Gov. Sarah Palin is backing a ballot measure to bypass the Legislature and make it illegal for teenagers to get an abortion without telling their parents.
The initiative sponsors, including former Lt. Gov. Loren Leman, applied last week to start gathering signatures. The measure would generally forbid a girl under 18 from getting an abortion unless the doctor informed at least one of her parents beforehand.
Palin said she plans to be the first in line to sign up. The governor said she even considered sponsoring the initiative herself, but decided otherwise after checking with the state's lawyers.
"I got a preliminary opinion from Law (Department) just giving me a heads up that critics would certainly file an ethics charge against me if I were to sponsor an initiative. So though I maintain I have First Amendment rights just as any other citizen does, I won't flirt with the notion of giving critics more ammunition to keep filing wasteful ethics charges against me, but instead I'll volunteer to be the first signature," Palin said.
The sponsors can start collecting signatures once Lt. Gov. Sean Parnell certifies the ballot language as legal. The goal is to get the initiative on the ballot for the next primary election, which will be in August 2010. That would require the sponsors to gather at least 32,734 signatures before the legislative session starts in January.
The abortion rights group Planned Parenthood will oppose the initiative. Many teens come from unhealthy families and could take dangerous steps to avoid the consequences that would come from facing their parents, said Clover Simon, the Alaska vice president of Planned Parenthood.
"I'm afraid that young women in that situation are going to see this and they're just not going to get any help at all and they are going to take things into their own hand. ... If you Google abortion or self-induced abortion you can get all kinds of bad advice," she said.
The initiative is the result of a bill stalling in the state Senate that would have required girls under 17 to tell their parents they're about to have an abortion.
Palin, a Republican, blamed "inflexibility by some senators" for the bill not passing. She said a young girl should have the counsel of her parents in such a major decision.
But Anchorage Democratic Sen. Bettye Davis, who chairs the Health Committee, said the bill needs more work. Davis said she's going to make an effort on it over the summer and when the Legislature comes back into session next January. Davis said the bill has problematic issues like forcing the teen to wait 48 hours to have the abortion even after telling a parent. The bill requires compromise on both sides, she said.
"If they want to do an initiative they have a right to do that; it might be the way they are going to get it done," Davis said.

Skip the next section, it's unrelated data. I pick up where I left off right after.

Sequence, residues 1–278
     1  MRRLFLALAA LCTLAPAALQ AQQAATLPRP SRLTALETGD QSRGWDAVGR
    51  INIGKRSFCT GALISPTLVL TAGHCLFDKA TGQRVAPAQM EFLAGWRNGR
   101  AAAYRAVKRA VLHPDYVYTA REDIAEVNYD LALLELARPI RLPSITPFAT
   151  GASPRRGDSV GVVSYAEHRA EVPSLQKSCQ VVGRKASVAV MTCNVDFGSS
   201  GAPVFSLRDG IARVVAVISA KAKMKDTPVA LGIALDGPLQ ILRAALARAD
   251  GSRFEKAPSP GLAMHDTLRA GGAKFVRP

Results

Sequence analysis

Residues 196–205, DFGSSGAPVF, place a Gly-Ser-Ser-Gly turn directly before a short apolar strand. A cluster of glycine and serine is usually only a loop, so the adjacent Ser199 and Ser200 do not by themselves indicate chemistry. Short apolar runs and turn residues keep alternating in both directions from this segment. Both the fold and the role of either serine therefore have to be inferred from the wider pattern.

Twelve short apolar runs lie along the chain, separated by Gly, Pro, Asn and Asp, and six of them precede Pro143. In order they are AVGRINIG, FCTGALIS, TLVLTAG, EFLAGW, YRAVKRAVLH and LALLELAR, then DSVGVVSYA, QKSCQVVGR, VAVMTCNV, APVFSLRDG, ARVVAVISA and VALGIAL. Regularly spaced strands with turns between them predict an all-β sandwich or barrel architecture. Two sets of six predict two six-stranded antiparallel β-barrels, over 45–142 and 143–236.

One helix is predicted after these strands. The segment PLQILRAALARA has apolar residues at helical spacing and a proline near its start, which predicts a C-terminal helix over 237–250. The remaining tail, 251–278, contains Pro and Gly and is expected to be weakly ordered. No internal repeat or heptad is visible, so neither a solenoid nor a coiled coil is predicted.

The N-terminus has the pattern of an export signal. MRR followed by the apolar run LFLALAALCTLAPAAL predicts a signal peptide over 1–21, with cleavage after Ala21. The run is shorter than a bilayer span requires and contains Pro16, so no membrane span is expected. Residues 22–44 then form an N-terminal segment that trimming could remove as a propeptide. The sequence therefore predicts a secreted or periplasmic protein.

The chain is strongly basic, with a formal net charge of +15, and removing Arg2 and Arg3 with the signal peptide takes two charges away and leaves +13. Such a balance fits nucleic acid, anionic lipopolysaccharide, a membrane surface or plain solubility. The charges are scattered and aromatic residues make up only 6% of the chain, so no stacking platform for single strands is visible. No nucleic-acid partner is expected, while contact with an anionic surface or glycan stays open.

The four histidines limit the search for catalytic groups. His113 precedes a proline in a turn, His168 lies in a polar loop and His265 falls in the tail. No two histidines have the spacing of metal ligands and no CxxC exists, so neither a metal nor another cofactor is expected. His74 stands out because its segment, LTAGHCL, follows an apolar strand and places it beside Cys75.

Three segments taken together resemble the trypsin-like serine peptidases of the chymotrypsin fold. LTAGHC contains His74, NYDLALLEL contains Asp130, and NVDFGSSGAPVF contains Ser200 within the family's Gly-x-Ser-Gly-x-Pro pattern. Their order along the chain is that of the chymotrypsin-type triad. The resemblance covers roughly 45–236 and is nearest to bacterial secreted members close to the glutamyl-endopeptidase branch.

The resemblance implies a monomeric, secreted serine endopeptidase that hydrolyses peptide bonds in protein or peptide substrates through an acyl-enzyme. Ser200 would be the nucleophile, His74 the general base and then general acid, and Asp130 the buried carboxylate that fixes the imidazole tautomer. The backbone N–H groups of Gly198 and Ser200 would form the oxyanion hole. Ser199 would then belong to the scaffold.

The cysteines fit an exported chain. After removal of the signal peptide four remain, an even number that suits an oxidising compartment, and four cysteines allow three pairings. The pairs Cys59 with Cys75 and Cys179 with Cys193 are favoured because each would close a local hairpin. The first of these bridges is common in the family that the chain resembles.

Palin said in an e-mail sent through her spokeswoman on Sunday that she expects supporting the initiative will prompt an ethics complaint even though she's not a sponsor.
"I acknowledge the 'new normal' we're dealing with today will no doubt see someone filing a charge against me anyway, for exercising my First Amendment rights as a citizen, but I will not hesitate to speak up in support of Alaska's daughters," she wrote.
State law says that a governor cannot spend money or "provide anything of value" to influence the outcome of a ballot measure unless the Legislature has appropriated money for that purpose. Alaska election regulators are investigating whether Palin violated the law last summer when she said in response to a question at a state press conference that she would vote no on a controversial ballot measure to tighten limits on water pollution discharges from mines.
The prime sponsors of the "parental involvement" initiative are former lieutenant governor Leman, recent Anchorage school board candidate Mia Costello, and Kim Hummer-Minnery, whose husband is president of the Alaska Family Council, a Christian pro-family, anti-abortion group that is supporting the effort.
The initiative would require parental "notice or consent" before a woman under 18 could have an abortion, unless the teen convinced a court otherwise or there was a medical emergency. There would have to be a 48-hour waiting period after the parent is notified -- but that could be waived if the parent gave consent for the abortion.
Jim Minnery, president of the Alaska Family Council, said the ultimate goal is a state law requiring a parent to give permission before a teenage girl can have an abortion. But the Alaska Supreme Court two years ago ruled a parental consent bill unconstitutional on a 3-2 vote, saying it would rob a pregnant teen of her constitutional right to make such an important decision herself and transfers that right to her parents or a judge.
Chief Justice Dana Fabe, in the majority decision for the court, said a law requiring parents to be notified but not necessarily give consent would probably be all right.
Minnery said he doesn't foresee any problem getting the necessary 32,734 signatures.
"It is not an anti-abortion initiative as it will be positioned. It's basically a parental rights initiative," he said.
Find Sean Cockerham online at adn.com/contact/scockerham or call him at 257-4344.